Allogeneic transplantation with a haplo-identical family donor was extensively studied by the Perugia group.29 Although that approach consisting of transplantation with high numbers of CD34+ cells, intensified conditioning and stringent GVHD prophylaxis appeared to result in favorable engraftment in the majority of patients, a relatively high NRM precluded application on a broader scale. More recently, both the approach by the Baltimore group based on posttransplant cyclophosphamide and the Chinese approach based on in vivo T-cell depletion were demonstrated to result in favorable engraftment, limited GVHD, and limited NRM.30,31 A recent biologically randomized study from China suggested similar outcomes using matched related or haplo-identical family donors.30 Updated results from the Baltimore group also suggested similar survival following haplo alloHSCT and matched donor alloHSCT.31 A recent retrospective study from the Acute Leukemia Working Party of the EBMT showed a similar relapse incidence in patients receiving T cell–replete and T cell–depleted haplo alloHSCT compared with MRD, which suggested a similar graft-versus-leukemia effect.32 The present study included T cell–replete haplo alloHSCT, which appeared associated with a stronger graft-versus-leukemia effect compared with MRD (HR, 0.60), whereas severe grades of acute and chronic GVHD were relatively low compared with the other donor types. A large retrospective study of the Center for International Blood and Marrow Transplant Research comparing MRD with haplo alloHSCT using posttransplant cyclophosphamide also found less GVHD following haplo alloHSCT and an overall similar outcome.33 Our study showed a relatively low incidence of relapse following haplo alloHSCT, but a higher incidence of NRM, resulting in a similar outcome compared with MRD alloHSCT. Both the relatively short follow-up and unknown patient selection preclude more definite conclusions as regards the comparison with sibling donors. However, haplo alloHSCT was also suggested to result in better outcome compared with UCB alloHSCT. In a less homogenous group of AML patients, UCB and haplo alloHSCT were previously suggested to result in similar overall outcome.34 The latter results are in line with the 2 parallel phase 2 trials of Brunstein et al, which addressed UCB grafts and unmanipulated haplo alloHSCT including posttransplant cyclophosphamide. Although haplo was associated with less NRM, a higher relapse rate counterbalanced that favorable effect, resulting in similar RFS. Currently, a prospective randomized phase 3 trial is being conducted comparing UCB and haplo alloHSCT (BMT CTN 1101), which will address the question how UCB and haplo alloHSCT compare in patients with hematological malignancies.

Our study may have several limitations. First, a center’s preference regarding preferred alternative donors may result in selection bias.35 Reasons for the choice of an alternative donor transplant are not registered in the EBMT database and therefore not known. We focused on a homogenous group of poor-risk AML patients with no important differences in baseline characteristics, but time intervals from diagnosis to transplant did differ, which may be associated with selection resulting from exclusion of early relapses in the group of alloHSCT recipients with the longest timeframe. Second, an increasingly important parameter is the presence or absence of minimal residual disease, which was unknown in the present study, but has recently been shown to strongly predict for subsequent relapse and overall outcome.36-39 Although not recorded, residual disease is not routinely assessed in most centers and also not uniformly used for risk-adapted treatment; as a result, it is unlikely to have resulted in a strong selection bias. Last, the retrospective multicenter nature of our study implies that the physician/centers intention and/or preference is not taken into account, which can only be addressed in a prospective randomized study. However, prospective studies with more than 2 or 3 donor types will be extremely difficult, necessitating larger registry studies. To our knowledge, our study is the largest comparative study of MRD and alternative donors in the homogenous subgroup of patients with poor-risk ALM in CR1 in urgent need of an alloHSCT. Our results compare well with a recent study by Raiola et al, who performed a single-center retrospective study of 459 patients that received alloHSCT using different donors, including unmanipulated haplo, MRD, MUD, or UCB grafts. Although the recipients suffered from various hematological malignancies and haplo has been performed more frequently in recent years, their results also suggested higher NRM in MMUD alloHSCT and following alloHSCT with UCB grafts.40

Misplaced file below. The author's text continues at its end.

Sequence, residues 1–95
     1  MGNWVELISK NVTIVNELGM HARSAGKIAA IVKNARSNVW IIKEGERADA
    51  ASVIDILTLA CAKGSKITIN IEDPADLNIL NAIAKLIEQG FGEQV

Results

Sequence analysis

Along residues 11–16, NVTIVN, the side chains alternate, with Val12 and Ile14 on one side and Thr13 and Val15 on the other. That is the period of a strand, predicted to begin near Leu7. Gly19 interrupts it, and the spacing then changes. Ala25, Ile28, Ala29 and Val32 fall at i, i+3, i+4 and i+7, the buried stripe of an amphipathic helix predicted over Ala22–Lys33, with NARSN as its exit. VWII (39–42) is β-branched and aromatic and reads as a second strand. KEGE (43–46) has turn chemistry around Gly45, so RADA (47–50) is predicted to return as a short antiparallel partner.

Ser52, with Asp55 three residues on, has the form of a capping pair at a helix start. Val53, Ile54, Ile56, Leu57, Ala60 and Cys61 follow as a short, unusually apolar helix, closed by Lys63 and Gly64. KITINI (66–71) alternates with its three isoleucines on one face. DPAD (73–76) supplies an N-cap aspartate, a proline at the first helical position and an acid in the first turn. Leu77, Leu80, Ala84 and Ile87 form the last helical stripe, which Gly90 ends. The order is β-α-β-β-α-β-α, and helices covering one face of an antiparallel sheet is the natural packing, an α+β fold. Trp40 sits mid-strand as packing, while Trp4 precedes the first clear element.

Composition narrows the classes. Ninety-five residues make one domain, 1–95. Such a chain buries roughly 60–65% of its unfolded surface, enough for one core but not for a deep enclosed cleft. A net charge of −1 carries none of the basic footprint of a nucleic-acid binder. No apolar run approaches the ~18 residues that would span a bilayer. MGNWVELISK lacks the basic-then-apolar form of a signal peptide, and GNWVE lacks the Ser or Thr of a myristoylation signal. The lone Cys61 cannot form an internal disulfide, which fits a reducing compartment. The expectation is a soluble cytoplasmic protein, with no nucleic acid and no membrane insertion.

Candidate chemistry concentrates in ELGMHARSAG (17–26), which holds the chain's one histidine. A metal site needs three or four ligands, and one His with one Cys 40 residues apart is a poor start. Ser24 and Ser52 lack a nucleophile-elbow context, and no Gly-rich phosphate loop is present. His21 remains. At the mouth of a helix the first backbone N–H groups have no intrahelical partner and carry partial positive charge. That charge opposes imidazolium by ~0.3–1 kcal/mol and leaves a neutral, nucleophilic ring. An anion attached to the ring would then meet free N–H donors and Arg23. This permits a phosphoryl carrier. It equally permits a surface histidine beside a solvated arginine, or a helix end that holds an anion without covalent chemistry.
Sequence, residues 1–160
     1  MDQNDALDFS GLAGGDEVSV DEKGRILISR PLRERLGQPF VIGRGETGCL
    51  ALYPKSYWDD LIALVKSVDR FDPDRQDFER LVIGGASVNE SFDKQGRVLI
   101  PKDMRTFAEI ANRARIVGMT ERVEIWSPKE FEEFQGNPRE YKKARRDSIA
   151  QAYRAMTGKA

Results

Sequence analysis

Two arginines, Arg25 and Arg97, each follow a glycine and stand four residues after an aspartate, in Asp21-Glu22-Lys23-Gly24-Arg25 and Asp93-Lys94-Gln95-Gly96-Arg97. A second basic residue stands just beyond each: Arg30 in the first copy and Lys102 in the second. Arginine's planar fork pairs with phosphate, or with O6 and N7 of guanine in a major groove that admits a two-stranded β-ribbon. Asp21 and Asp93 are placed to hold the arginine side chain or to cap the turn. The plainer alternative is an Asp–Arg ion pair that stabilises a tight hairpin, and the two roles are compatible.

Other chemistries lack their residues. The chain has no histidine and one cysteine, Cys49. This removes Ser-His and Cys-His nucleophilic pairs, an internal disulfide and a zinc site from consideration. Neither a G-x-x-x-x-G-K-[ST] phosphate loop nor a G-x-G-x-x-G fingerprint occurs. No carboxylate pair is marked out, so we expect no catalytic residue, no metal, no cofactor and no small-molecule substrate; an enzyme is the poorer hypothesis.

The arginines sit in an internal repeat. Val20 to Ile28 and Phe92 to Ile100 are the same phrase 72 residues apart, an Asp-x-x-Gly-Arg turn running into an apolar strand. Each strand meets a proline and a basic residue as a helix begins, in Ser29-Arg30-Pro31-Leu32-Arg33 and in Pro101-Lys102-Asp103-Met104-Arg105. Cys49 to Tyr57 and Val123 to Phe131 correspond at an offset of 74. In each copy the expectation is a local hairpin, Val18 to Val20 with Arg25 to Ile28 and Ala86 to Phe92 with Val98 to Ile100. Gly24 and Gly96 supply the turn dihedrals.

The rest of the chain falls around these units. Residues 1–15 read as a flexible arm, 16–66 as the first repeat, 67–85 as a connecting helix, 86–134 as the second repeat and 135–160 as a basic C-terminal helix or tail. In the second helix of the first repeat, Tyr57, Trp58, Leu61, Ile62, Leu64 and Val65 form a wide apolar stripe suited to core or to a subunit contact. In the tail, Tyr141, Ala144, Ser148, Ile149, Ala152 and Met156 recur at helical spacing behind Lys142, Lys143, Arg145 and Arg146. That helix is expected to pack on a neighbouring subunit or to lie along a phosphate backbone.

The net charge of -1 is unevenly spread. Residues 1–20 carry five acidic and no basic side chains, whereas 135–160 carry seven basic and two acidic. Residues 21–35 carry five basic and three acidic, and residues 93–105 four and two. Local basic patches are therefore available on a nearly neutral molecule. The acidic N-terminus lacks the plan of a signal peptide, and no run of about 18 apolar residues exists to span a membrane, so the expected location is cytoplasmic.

In conclusion, our study suggests that well-matched donors including MRD and 10/10 MUD are preferred over UCB and MMUD patients with poor-risk AML in CR1. Nine of 10 MUD, UCB grafts, and haplo-identical donors could be used as alternatives in case a fully matched donor is not available or an urgent transplant is required. Haplo-identical donors are increasingly used, and results are encouraging. However, comparative prospective studies of haplo alloHSCT with other donor types are warranted and longer follow-up after haplo alloHSCT may be needed to definitely establish its place in the hierarchy of alternative donors.


Contribution: J.V., M.L., J.J.C., and A.N. contributed to the study design; all authors provided study materials or patients; all authors were involved in collection and assembly of clinical data; J.V., M.L., J.J.C., and A.N. were involved in analyzing and interpreting the data and writing this report; and all authors reviewed and approved the final version of the manuscript.

Conflict-of-interest disclosure: The authors declare no competing financial interests.

A complete list of the members of the Acute Leukemia Working Party of the European Society for Blood and Marrow Transplantation appears in the online appendix.

Correspondence: Jan J. Cornelissen, Department of Hematology, Erasmus University Medical Center Cancer Institute, Groene Hilledijk 301, 3075 EA, Rotterdam, The Netherlands; e-mail: j.cornelissen{at}


Following European Society for Blood and Marrow Transplantation (EBMT) publication rules, coauthorship was offered to centers contributing the highest number of patients. Nevertheless, the authors highly appreciate the contribution by many physicians and data managers throughout the EBMT, who made this analysis possible.


  • * J.J.C. and A.N. contributed equally to this study.

  • Presented by J.V. as an oral presentation at the 56th annual meeting of the American Society of Hematology, San Francisco, CA, 6-9 December 2014, and at the 42nd annual meeting of the European Society for Blood and Marrow Transplantation, Valencia, Spain, 3-6 April 2016.

  • The full-text version of this article contains a data supplement.

  • Submitted October 21, 2016.
  • Accepted January 20, 2017.